Loring Park's old Eitel Hospital, one of the city's first hospitals, currently used by Allina's information systems department, will go on the market soon, a company spokesperson said. About 300 people work at the Eitel site, 1375 Willow St.
Another Allina property at 1801 Nicollet Ave. S., just south of Downtown in the Stevens Square neighborhood, recently sold to a private developer. The 27,500-square-foot property housed the nonprofit's creative services department.
The sale of the two properties will help offset $7.9 million in moving costs associated with Allina's recent decision to put its headquarters in the long-vacant Sears site. It is expected to open sometime in 2006, said spokesperson Kendra Calhoun.
Allina officials sought $700,000 for the Stevens Square property and want $7 million for the old Eitel Hospital -- a 131,000-square-foot space that spans the block between Grant Street and 14th Street.
Calhoun said the company expects to keep staff at the Loring Park building indefinitely until they settle on a buyer.
Loring Park neighborhood leaders would like to see the old Eitel Hospital become housing, said Kim Havey, director of the Minneapolis Empowerment Zone and head of the Citizens for a Loring Park Community's Land Use Committee.
"We would like to see the original hospital preserved and are looking for it to have a contextual relationship to surrounding buildings -- something that will fit into the brownstone look in that part of the neighborhood," he said.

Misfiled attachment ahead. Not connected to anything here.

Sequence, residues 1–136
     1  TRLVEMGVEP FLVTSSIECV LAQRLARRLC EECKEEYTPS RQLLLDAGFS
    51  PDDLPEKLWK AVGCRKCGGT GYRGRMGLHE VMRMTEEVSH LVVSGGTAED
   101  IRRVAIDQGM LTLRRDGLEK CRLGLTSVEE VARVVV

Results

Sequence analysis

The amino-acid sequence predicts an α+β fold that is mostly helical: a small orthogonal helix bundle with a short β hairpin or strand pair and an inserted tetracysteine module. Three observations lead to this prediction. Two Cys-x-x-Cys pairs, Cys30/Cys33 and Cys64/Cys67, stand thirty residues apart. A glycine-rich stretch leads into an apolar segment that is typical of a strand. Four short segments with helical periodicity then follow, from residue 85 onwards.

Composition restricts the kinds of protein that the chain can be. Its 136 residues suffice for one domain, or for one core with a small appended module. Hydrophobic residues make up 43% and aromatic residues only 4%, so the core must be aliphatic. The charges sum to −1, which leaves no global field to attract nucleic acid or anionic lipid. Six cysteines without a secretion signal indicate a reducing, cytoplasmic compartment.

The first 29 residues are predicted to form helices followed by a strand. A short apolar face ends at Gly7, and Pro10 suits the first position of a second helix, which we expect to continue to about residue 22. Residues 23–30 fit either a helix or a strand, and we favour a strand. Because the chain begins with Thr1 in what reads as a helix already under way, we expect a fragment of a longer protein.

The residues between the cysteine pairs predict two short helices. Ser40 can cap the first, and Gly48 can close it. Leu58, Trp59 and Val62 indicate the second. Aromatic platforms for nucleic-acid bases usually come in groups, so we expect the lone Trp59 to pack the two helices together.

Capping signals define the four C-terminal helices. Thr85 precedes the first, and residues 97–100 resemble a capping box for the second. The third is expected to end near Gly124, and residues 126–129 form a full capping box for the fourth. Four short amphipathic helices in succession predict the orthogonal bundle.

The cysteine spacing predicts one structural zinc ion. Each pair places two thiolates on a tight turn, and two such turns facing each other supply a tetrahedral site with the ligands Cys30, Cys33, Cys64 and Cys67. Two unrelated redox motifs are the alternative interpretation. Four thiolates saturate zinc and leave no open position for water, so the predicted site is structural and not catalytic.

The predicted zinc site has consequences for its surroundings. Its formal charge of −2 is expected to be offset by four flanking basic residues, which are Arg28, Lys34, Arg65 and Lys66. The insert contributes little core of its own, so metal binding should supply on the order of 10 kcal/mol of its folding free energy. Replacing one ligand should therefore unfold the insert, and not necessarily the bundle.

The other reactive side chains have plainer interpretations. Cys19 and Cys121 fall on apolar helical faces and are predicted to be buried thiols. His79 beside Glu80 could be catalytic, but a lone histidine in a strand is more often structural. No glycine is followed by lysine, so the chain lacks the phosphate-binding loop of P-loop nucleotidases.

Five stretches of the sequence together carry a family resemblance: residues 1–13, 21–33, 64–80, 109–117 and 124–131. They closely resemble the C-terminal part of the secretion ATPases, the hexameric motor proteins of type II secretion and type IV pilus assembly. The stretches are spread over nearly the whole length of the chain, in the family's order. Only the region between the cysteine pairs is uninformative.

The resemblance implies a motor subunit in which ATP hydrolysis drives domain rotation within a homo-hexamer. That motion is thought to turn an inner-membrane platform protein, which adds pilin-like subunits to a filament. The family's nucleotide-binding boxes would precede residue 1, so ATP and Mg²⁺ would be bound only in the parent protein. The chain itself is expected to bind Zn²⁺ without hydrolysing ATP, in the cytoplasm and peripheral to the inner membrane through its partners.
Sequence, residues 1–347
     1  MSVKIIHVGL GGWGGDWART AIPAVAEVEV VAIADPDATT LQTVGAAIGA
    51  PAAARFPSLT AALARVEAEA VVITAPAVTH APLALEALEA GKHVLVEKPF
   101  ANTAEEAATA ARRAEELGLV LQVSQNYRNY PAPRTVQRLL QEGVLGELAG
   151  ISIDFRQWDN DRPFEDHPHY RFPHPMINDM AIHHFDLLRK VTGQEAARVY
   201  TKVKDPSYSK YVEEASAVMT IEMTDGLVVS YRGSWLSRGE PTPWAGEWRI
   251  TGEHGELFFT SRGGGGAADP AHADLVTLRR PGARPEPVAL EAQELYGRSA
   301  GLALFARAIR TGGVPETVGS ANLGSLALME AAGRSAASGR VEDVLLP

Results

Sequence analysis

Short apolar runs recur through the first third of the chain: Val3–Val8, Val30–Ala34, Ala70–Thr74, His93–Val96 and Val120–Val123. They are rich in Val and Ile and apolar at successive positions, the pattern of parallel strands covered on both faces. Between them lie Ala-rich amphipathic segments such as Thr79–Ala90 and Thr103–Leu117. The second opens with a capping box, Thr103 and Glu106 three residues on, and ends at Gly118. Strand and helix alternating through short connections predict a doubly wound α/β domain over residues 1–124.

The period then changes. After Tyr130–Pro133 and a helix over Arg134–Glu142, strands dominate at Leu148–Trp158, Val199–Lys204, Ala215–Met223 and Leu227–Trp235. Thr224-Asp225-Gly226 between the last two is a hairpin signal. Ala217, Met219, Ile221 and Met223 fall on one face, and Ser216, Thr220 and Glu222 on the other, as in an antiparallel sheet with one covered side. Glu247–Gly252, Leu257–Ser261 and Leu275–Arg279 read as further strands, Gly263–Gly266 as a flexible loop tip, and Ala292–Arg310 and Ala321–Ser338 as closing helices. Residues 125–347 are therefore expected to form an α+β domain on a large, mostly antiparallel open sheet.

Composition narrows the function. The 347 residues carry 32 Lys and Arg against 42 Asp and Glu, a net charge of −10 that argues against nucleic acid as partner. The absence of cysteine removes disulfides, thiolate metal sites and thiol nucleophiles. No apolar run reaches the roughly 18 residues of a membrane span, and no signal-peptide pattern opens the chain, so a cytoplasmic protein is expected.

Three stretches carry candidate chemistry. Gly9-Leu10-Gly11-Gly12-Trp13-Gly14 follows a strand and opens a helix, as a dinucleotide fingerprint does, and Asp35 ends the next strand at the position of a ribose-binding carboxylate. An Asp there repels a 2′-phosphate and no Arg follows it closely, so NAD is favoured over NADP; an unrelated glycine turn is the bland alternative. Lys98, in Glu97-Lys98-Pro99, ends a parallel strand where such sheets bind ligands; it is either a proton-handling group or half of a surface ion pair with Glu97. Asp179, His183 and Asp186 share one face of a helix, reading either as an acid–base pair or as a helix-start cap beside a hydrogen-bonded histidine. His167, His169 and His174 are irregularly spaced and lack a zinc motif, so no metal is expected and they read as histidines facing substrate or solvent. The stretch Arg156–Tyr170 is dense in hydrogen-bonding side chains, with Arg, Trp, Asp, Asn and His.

Havey said neighborhood leaders would like to see townhouses or condos that have an inviting aesthetic that doesn't wall off the neighborhood from the park.
Affordable housing with a combination of for-sale and rental units would be ideal, he said. As for density, the neighborhood advocates no more than 325 units at that site.
Detroit-based Village Green has been mentioned as a possible developer. The company built the neighborhood's 162-unit City Apartments, a development at 13th Street South and Spruce Place, between Yale and Harmon Places. The high-end apartments, which range between $970 and $3,050 a month, opened in 2002.
The old Eitel Hospital had a decadent quality when it first opened in 1912, which suited the tastes of the neighborhood's wealthy residents. Some hospital rooms had sun porches, Navajo rugs, brass beds and mahogany furniture, according to Minneapolis Public Library records.
The hospital closed in 1985, then was converted to the Willow Street Center for Youth and Families and has since served as offices for Allina's information systems employees.
The neighborhood also wants to work with the developer to improve traffic flow in the section of Loring Park near Willow and Grant streets.
-- Sarah McKenzie